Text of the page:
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Nestle partnership sees extra payment offered to Fonterra farmers this season

One year on from announcing a partnership designed to help reduce on-farm emissions, Fonterra and Nestlé are pleased to confirm the next step they’re taking to support farmers with their sustainability actions.

A new agreement will see Nestlé fund an additional payment to farmers who achieve one of the three levels of Fonterra’s The Co-operative Difference framework during the 2023/24 season. Depending on the number of farmers that meet these levels, Fonterra expects the additional payment to farmers to be about 1-2 cents per kilogram of milk solids.

Fonterra CEO Miles Hurrell welcomes Nestlé’s continued support of farmers who are making continuous improvement with on-farm sustainability.

“We are delighted to work in partnership with Nestlé to recognise the Co-op’s farmers who are at the forefront of industry best practice.

“By working in partnership, we can grow sustainably together as we aim to produce lower carbon milk into the future,” says Mr Hurrell.

Globally, Nestlé is investing 1.2 billion Swiss Francs (NZD2.25 billion) by 2025 to advance regenerative agriculture and reduce emissions, aiming to source 50% of their ingredients through regenerative agriculture methods by 2030.

Nestlé New Zealand CEO Jennifer Chappell says their success relies not just on working with processors, but also farmers who share this vision.

“Nestlé has sourced dairy from New Zealand for well over a hundred years and we will continue supporting farmers, alongside our partners, to develop new economic opportunities and reduce their greenhouse gas emissions.”

Fonterra has an ambition of being net zero by 2050, with 2030 targets including a 30% intensity reduction in on-farm emissions, which Nestlé welcomes.

“This move will encourage even greater action by farmers, researchers and policy makers in support of a just transition for the dairy industry, which in turn will help the industry and dairy farmers make the most of the economic opportunities presented by the shift to lower emissions,” says Jennifer Chappell.

Notes to editors:

Fonterra’s Co-operative Difference framework

The Co-operative Difference framework sets out the farming and business practices that will help farmers to stay at the forefront, such as quality, safety and sustainability.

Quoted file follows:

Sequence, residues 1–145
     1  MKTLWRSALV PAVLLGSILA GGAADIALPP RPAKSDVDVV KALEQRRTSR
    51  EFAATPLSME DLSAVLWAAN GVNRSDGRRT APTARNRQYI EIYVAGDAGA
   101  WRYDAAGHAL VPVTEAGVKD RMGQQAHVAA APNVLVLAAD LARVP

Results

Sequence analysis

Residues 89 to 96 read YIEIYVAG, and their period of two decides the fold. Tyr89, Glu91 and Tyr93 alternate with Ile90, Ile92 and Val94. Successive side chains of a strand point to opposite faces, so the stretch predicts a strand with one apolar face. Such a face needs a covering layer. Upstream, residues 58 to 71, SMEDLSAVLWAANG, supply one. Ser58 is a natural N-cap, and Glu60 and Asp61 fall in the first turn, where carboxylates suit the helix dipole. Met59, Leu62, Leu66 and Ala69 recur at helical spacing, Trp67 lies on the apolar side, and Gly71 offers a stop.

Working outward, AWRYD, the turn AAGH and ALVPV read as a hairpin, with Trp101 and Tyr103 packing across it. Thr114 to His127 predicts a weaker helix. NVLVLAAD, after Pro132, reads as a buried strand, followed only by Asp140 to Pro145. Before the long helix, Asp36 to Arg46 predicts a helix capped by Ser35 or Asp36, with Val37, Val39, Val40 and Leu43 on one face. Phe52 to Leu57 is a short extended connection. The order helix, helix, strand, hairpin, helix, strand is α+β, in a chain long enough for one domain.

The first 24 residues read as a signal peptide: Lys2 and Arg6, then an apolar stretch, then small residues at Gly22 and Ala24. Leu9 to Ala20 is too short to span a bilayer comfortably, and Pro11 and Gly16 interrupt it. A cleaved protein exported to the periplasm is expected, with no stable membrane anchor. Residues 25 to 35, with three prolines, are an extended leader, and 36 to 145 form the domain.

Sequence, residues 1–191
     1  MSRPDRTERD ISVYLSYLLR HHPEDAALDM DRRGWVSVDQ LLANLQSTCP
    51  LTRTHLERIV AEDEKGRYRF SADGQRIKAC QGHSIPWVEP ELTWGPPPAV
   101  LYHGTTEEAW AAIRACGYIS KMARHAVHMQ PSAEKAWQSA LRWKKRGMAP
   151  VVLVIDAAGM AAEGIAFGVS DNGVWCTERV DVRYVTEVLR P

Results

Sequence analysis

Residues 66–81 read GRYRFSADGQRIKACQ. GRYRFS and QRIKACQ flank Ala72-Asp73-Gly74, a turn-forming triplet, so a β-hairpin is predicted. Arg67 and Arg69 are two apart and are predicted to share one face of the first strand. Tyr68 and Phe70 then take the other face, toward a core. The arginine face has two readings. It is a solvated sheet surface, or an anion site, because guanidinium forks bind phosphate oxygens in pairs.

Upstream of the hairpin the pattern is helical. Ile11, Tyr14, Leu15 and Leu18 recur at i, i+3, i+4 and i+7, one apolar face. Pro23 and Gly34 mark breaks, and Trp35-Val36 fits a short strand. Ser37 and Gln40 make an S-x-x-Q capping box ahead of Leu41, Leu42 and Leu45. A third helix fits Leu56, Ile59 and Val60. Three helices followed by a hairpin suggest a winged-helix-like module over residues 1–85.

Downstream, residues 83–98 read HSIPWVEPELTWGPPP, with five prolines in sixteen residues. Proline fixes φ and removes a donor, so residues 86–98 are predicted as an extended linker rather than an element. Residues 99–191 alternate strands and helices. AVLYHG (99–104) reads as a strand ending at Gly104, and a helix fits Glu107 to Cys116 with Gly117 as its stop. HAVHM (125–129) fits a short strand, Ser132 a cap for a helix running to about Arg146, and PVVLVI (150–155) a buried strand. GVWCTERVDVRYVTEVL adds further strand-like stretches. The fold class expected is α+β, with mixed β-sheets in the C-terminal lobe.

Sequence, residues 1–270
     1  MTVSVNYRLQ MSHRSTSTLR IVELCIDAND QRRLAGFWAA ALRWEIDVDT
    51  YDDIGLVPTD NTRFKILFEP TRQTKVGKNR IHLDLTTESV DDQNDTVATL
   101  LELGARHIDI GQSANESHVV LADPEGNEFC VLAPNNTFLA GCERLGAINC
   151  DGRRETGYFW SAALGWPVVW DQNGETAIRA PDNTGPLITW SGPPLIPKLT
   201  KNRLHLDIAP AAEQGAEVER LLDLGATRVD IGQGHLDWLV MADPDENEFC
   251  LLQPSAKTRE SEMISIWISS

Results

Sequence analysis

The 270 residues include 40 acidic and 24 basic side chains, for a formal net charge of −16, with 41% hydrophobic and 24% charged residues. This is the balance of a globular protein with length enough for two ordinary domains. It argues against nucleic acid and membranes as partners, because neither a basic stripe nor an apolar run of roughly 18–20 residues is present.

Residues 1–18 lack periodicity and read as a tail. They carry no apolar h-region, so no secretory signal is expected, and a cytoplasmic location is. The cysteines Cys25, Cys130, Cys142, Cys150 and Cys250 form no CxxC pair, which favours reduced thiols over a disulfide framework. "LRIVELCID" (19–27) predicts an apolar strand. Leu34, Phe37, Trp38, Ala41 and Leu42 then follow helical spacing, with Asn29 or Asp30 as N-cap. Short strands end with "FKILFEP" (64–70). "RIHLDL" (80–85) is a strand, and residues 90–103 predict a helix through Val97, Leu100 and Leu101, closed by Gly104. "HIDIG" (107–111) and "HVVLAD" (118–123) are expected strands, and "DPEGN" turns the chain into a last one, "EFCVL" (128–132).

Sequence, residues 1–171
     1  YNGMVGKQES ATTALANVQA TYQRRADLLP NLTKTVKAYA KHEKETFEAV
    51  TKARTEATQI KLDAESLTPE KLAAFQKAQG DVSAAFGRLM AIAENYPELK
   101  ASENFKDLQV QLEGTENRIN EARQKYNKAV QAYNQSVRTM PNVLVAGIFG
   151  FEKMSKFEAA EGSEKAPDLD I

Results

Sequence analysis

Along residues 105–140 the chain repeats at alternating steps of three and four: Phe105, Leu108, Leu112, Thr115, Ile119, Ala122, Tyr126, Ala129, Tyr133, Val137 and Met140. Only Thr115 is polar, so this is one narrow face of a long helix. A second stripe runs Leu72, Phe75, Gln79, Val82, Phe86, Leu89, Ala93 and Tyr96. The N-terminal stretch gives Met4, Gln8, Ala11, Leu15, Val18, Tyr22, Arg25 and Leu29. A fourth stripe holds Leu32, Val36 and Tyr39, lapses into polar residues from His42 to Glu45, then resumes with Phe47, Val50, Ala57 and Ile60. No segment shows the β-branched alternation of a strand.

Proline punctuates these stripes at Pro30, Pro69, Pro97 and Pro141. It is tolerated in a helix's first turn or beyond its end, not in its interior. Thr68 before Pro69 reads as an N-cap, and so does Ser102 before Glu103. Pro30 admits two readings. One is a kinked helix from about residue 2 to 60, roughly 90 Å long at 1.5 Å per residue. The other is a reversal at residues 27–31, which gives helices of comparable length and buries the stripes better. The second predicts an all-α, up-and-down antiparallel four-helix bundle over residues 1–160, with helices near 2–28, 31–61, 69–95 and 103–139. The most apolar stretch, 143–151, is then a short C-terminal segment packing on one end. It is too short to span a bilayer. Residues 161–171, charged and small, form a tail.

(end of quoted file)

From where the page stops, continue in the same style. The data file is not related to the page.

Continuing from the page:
It has three levels:

1. Te Pūtake (“The start of the journey”)

2. Te Puku (“The mid-point”)

3. Te Tihi (“The Summit”)

The framework also rewards farmers that meet certain criteria across five focus areas – environment, animals, people & community, milk, and Co-op & prosperity.

Find out more here.

Nestlé partnership

The partnership between Fonterra and Nestlé was first announced in December 2022. It involves multiple projects, including:

Net Zero Carbon Farm

Fonterra and Nestlé are working with co-partner Dairy Trust Taranaki to test solutions on a Fonterra-owned farm in Taranaki to see if, over the next 5-10 years, it can become the first commercially viable net zero carbon dairy farm in New Zealand.

The farm has infrastructure in place to support open days and demonstrations.

In its first year, much of the focus has been laying the important benchmark foundations from which future success can be measured. The aim is to reduce as many emissions as possible through the farm’s entire supply chain. The team seeks to improve emissions efficiency through investigating the on-farm factors that impact emissions (e.g. type of feed and fertiliser) while targeting an increase in milk production per cow.

The objective is to share the results and make it easier for Fonterra farmers to apply successful tools and practices on their own farms.

GHG Farmer Support Pilot

This is a multi-year collaboration between Fonterra and Nestlé that started in late 2022. The opt-in pilot sees enrolled Fonterra supplying farms get additional support to implement changes aimed at lowering their on-farm greenhouse gas (GHG) emissions. This includes in areas such as improved management of feed and pasture, on-farm tree planting and enhanced milk production efficiency

Baseline GHG emissions profiles have been calculated for the first group of around 50 farms, based on their emissions during the 2021/22 season, and results for the 2022/23 season are due next year. The project is being scaled up and enrolment is underway for the next group of farms.

 

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